The CREEPER Act: The Case For Banning Child Sex Dolls And Robots

Biometrica Systems, Inc.
5 min readAug 5, 2021


Image by pasja1000 from Pixabay

August 5, 2021

By Deepti Govind

Just three weeks ago, the Department of Justice said a 53-year old Maryland resident, Jeffrey John White, was sentenced to more than 11 years in federal prison for possessing thousands of files of child pornography. When the case was being investigated by law enforcement in 2020, a search of White’s residence led to the seizure of his laptop and SD card that contained downloaded files of child sexual abuse material (CSAM), plus a child-sized sex doll with anal and vaginal openings.

Similarly in Alabama this March, a 35-year-old who impersonated Federal Bureau of Investigation (FBI) agents, approached an employee of a local business with a handgun drawn, and then tried to enter the police department building. When law enforcement agents executed a search warrant on Kelcey Turner’s car and house, they found everything from a rifle with more than a hundred rounds of ammunition, hundreds of CSAM images, an infant-sized sex doll, and — even more disturbingly — a daybed set up with stuffed animals and recording devices.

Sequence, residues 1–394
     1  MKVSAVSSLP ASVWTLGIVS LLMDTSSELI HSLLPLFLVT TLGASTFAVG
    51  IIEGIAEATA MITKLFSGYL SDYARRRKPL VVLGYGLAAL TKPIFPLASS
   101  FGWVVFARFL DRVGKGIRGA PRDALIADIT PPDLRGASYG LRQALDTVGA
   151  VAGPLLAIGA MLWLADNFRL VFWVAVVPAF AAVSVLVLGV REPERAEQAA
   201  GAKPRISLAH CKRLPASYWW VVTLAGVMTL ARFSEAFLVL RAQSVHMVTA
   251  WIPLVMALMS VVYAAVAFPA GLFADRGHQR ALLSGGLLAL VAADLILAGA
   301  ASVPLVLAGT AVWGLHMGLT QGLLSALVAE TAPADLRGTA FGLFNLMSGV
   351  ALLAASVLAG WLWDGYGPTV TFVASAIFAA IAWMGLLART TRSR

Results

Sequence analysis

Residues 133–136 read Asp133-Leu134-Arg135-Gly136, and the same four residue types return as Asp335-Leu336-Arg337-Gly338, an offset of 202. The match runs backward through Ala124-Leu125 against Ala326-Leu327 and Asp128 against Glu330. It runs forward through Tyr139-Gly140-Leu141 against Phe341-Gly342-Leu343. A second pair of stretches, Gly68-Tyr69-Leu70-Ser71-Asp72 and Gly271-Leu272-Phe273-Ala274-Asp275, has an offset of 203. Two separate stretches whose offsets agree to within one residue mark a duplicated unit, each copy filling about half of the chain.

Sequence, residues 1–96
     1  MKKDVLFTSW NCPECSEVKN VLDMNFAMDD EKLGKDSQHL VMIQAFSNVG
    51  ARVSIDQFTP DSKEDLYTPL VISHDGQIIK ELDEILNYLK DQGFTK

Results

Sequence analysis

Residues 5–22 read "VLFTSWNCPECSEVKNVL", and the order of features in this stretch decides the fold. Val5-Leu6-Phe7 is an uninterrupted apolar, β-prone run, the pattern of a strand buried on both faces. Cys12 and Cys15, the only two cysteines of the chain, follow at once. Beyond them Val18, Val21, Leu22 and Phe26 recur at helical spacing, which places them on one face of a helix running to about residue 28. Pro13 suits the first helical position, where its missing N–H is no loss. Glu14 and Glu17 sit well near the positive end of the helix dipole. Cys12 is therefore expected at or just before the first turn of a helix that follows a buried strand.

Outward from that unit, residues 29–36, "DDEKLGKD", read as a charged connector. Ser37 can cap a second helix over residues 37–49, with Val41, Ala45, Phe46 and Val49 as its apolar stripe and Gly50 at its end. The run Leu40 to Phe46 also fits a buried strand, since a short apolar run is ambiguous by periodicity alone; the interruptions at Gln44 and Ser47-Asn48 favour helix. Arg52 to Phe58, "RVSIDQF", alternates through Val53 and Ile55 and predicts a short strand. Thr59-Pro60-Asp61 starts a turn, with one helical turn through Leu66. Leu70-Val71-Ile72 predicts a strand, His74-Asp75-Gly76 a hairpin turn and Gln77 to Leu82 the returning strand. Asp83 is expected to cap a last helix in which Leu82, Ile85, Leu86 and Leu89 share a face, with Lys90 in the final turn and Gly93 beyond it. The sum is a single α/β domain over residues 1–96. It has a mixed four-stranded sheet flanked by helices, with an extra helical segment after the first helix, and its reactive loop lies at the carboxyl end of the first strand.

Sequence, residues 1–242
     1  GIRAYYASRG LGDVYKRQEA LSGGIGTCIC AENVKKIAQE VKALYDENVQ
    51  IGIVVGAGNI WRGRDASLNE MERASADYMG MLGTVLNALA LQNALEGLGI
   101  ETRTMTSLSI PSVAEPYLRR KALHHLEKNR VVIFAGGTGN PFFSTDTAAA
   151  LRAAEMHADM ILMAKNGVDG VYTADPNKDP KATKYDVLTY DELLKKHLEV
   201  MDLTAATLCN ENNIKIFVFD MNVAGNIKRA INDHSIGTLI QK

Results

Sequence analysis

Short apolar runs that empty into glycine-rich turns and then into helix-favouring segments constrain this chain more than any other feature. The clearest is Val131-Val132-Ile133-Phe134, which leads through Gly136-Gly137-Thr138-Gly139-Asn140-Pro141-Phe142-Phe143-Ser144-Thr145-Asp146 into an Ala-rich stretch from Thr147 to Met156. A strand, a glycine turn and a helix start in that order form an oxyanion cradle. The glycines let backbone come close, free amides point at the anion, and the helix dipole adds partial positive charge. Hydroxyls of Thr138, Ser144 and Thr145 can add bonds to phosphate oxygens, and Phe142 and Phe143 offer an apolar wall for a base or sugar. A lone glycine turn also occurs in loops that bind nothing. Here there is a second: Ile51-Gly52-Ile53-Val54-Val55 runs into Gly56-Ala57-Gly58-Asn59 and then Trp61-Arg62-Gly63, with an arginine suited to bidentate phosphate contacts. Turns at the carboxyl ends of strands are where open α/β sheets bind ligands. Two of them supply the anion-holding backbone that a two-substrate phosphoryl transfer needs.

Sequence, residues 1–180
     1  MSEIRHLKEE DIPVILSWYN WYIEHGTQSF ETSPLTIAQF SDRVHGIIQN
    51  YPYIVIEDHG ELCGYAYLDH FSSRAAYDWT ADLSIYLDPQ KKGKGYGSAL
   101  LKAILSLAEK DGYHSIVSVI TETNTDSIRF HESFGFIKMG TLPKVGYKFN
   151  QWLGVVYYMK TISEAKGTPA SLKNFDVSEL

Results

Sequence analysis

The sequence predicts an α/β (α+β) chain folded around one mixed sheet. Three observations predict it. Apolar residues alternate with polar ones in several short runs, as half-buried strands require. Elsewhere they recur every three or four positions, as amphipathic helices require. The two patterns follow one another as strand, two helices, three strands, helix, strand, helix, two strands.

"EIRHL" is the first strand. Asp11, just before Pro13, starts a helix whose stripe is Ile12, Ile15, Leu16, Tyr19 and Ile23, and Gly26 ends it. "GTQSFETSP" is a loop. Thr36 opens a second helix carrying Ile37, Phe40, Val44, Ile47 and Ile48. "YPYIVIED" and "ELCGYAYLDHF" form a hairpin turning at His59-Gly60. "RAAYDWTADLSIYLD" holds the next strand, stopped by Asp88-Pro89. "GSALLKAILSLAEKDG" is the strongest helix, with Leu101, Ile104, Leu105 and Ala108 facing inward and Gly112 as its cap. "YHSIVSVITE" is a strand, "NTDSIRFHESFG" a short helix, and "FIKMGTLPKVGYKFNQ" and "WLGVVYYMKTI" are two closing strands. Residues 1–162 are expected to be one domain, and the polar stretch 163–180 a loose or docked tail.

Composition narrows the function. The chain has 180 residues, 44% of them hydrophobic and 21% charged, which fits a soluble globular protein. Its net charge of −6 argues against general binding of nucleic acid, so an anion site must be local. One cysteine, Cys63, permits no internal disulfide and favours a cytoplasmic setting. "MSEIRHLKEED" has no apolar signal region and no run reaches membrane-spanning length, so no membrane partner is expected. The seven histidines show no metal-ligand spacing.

Such cases are not new to Alabama, or really any state, though. Child sex dolls are often shipped from overseas into the U.S., mostly after buyers find them available online. In 2019, when Baldwin County sheriff’s deputies had to search convicted sex offender Bobby Ricky Bible’s trailer, they found a child sex doll, reported. We will go into more details based on that report later on in this piece.

What many of these cases appear to prove is a statement made in the text of the Curbing Realistic Exploitative Electronic Pedophilic Robots Act 2.0, or CREEPER Act 2.0: “There is a correlation between possession of the obscene dolls, and robots, and possession of and participation in child pornography.” Yet, the legislation has not managed to pass through Congress ever since an earlier Act, called the CREEPER Act of 2017, sat dormant in the Senate after passing the House in 2018. That a ban on child sex dolls ought to be instituted, though, probably goes unsaid.